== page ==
Spend like Mike: a lesson in impulse shopping

This weekend I went a little crazy. I went on an Amazon/Home Depot shopping spree, or at least as much of a “spree” as I’m emotionally capable of. I enjoy the process of questioning my actions and motives, forever trying to keep myself in check, so consumer behavior fascinates me.

We moved into our own place a few months ago. We signed the lease the day I got my job offer and moved in 3 days before I left for GEICO training. This last week I’ve been back we’ve been settling in together. Finally. This weekend we finally committed to the small handful of purchases we’d been considering for months, or even years.

Our old roommate Mike, a 31 year-old flamboyant gay man from Boston, spent money so fast that he’d be forced to borrow from his parents (or us) in order to cover rent and bills. A consistent appreciator of Vodka, he’d often find himself Buying Now With One Click. During Christmas break last year, he took a week-long vacation to Mexico on borrowed and gifted money. When he arrived home with a grand total of $17 to his name, $3 less than what he needed to get his car out of airport parking, he walked to a bar and drank his final dollars. Sloshed, he then asked another roommate to bail him out, whom he promised to pay back after his parents loaned him some money. His spending habits are impressively impulsive.

But Mike taught me a few important lessons. Mike always buys the highest quality products without regard for cost. He considers his overall enjoyment of the item tantamount to the initial cost, which means cost is not a huge factor in his purchase decisions until he is literally out of money. As a result, he owns a lot of really nice shit that he genuinely loves (or loved at one time). After over a year of watching this kind of extreme consumer behavior, it occurred to me that I probably fall closer to the opposite end of that buying spectrum; I am guilty of sacrificing quality for a more cost-effective price, especially for commodities like watering cans or pillow cases. But Mike rubbed off on me a little, and I find myself valuing quality and style more and more.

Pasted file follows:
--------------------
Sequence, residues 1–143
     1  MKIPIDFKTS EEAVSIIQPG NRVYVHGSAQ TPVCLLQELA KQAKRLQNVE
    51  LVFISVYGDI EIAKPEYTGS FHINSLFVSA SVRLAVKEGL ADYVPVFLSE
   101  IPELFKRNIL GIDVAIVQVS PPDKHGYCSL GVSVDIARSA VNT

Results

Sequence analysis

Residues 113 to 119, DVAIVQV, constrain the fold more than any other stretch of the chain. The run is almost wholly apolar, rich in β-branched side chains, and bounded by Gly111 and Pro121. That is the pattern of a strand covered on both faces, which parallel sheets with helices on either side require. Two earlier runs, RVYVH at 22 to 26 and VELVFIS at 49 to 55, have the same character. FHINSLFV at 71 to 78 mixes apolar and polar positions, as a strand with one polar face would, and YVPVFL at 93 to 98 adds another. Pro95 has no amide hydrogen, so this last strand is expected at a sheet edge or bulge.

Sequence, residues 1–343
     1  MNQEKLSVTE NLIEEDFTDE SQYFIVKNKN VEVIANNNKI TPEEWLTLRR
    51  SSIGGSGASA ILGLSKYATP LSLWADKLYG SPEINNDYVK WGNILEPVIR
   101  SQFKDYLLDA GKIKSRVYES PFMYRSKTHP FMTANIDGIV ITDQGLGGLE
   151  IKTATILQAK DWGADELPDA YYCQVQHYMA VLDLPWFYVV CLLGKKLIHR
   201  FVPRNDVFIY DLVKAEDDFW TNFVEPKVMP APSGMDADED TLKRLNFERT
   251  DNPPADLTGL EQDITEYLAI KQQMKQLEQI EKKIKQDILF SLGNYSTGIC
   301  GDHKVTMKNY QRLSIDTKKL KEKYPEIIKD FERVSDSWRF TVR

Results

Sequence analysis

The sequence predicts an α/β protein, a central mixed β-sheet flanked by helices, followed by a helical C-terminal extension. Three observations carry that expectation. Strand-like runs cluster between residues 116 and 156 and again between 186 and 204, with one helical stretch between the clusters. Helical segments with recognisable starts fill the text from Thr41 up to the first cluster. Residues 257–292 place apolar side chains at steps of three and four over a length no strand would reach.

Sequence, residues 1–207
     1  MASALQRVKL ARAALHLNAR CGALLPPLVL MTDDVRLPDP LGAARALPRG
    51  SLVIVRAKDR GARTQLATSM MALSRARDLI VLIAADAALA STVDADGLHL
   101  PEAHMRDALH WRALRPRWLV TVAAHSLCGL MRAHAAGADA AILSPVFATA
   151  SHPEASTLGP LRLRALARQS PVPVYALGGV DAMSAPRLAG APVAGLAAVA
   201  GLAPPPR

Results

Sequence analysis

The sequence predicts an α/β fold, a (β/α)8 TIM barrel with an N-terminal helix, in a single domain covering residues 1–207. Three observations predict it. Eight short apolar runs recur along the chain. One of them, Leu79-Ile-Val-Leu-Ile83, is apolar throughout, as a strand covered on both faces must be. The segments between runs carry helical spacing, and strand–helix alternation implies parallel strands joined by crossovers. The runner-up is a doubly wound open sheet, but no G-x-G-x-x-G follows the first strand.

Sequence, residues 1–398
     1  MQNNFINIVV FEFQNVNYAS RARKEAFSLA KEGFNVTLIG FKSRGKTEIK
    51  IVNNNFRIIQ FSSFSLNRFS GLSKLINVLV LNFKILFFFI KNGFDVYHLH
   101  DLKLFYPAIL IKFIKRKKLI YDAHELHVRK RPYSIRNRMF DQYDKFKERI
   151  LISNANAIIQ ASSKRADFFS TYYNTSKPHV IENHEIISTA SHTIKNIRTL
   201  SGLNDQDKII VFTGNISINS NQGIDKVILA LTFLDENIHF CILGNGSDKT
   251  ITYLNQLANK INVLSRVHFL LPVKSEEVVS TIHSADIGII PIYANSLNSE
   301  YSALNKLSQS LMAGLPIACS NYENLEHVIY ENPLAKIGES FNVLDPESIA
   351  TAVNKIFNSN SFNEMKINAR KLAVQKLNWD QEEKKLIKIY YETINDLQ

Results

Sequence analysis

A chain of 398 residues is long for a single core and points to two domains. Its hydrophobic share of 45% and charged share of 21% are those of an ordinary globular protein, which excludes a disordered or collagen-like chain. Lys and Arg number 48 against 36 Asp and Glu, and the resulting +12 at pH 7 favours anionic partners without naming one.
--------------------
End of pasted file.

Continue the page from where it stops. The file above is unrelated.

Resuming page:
That’s why I splurged and bought a pretty $21 copper watering can instead of the $2.97 plastic piece of shit from Home Depot. I also have 2 house plants, a lucky bamboo, a hanging urban veggie/herb garden on our deck rail, and front porch flowers now, like I’ve always wanted. But unlike the last few times I’ve felt similar green thumb inspiration, this time I’ll keep them all alive because I have a novelty watering can from which I need to get my $21 worth.

Mike buys something the second he decides he wants it. He doesn’t second guess his impulses, nor does he question whether it is a wise use of his money. Perhaps this is instant gratification at its finest, and certainly not sustainable, but it’s also an important lesson in treating yourself and following through with what you want, especially when the alternative is to constantly dream or think about having it. That’s how I look at it.

That is not to condone mass consumerism, or even to stray too far from my current brand of minimalism (a trendy euphemism for being cheap and/or pretentious, depending on how you look at it), but my pattern is to think about a purchase, try it on, and ponder it for weeks or months at a time before committing. And that entire process is actually kind of exhausting.

A minimalist at heart, I resist buying or accumulating things and often gain more pleasure in getting rid of things. It’s my form of control and I’m on a current mission to Konmari my entire life. I think about this shit a lot. Probably too much. If you’re a regular reader of this blog, you know that. As a result, I go long periods of time without the tools and things that could make my life so much easier. Like these kombucha brewing bottles, which I finally allowed myself to purchase this weekend, after almost a year of brewing kombucha and sloppily portioning into mason jars. Bottling kombucha will be so much more efficient and easier to store/drink now.